Manda Bala (Send a Bullet), directed and produced by Jason Kohn, is a richly painted, riveting documentary weaving together threads of political corruption and disparity of wealth distribution in Brazil, frog farms, kidnappings in Sao Paulo, reconstructive ear surgery, and the growth of the personal security business in Brazil. If all this sounds like a lot to meld together into one coherent tale, it is, but Kohn proves himself more than up to the task. Cinematical spoke to Kohn by phone recently about Manda Bala, which has received numerous awards on the fest circuit over the past year, and recently won three awards at the inaugural Cinema Eye Awards.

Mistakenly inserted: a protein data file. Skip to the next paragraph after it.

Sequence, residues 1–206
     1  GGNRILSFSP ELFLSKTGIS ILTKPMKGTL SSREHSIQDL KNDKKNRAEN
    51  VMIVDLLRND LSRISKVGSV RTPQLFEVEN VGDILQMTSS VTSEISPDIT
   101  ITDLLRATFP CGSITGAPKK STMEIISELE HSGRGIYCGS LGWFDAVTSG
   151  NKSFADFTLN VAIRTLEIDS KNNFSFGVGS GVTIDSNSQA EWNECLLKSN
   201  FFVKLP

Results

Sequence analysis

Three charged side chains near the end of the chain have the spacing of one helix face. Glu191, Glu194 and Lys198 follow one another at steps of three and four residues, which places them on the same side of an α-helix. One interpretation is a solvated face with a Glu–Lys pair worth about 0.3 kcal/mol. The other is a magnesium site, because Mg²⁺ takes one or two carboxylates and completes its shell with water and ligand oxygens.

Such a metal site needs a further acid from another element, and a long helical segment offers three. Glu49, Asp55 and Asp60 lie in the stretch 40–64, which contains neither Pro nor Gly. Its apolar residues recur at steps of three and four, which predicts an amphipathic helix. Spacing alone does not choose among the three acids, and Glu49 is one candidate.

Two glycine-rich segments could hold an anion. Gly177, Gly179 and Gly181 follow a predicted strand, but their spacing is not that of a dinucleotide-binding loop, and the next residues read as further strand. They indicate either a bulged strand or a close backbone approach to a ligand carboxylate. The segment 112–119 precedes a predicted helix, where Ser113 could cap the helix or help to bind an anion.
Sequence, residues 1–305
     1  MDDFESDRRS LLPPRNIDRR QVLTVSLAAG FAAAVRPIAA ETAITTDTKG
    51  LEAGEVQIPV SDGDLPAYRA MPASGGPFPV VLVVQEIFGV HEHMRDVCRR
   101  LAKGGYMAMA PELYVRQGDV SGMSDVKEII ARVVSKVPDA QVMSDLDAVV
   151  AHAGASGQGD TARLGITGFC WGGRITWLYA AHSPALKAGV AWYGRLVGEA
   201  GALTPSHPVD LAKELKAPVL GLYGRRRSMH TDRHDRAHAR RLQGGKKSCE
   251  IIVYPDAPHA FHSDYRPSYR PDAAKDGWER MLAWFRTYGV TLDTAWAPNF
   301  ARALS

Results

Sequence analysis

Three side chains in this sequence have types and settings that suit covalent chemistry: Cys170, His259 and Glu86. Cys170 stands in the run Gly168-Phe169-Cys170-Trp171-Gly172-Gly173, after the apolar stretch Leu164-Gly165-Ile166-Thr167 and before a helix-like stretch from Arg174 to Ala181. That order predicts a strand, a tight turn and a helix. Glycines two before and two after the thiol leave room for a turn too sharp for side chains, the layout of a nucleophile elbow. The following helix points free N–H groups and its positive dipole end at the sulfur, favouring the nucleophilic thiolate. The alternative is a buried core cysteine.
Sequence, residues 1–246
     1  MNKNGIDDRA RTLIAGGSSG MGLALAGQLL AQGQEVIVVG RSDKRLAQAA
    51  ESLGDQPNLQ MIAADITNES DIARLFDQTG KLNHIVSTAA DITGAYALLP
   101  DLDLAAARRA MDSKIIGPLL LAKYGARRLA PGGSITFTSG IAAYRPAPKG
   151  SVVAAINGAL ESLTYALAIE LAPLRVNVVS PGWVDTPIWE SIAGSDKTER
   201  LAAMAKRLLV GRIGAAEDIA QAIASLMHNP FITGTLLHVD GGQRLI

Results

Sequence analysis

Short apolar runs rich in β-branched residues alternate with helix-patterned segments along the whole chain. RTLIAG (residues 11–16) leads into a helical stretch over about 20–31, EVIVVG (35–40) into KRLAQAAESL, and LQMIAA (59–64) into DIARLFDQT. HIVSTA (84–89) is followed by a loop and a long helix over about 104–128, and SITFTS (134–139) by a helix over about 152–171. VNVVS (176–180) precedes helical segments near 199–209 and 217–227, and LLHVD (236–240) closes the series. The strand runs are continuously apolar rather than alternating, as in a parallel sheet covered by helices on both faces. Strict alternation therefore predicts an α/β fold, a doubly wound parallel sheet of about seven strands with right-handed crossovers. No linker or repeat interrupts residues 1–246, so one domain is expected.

Cinematical: I read that at the Cinema Eye Awards, in your acceptance speech you talked about this film being made out of anger; can you talk a bit more about that?

Jason Kohn: Really that came out of my sense of frustration at the state of contemporary documentary films, at least at the time when I started making the film. There was a lot of talk going on about the democratization of docs, how it's cheaper to make them with new technologies, and I thought that was mostly bullshit. This idea that people on the marginalized fringes of society now have access to these technologies – it's just not true.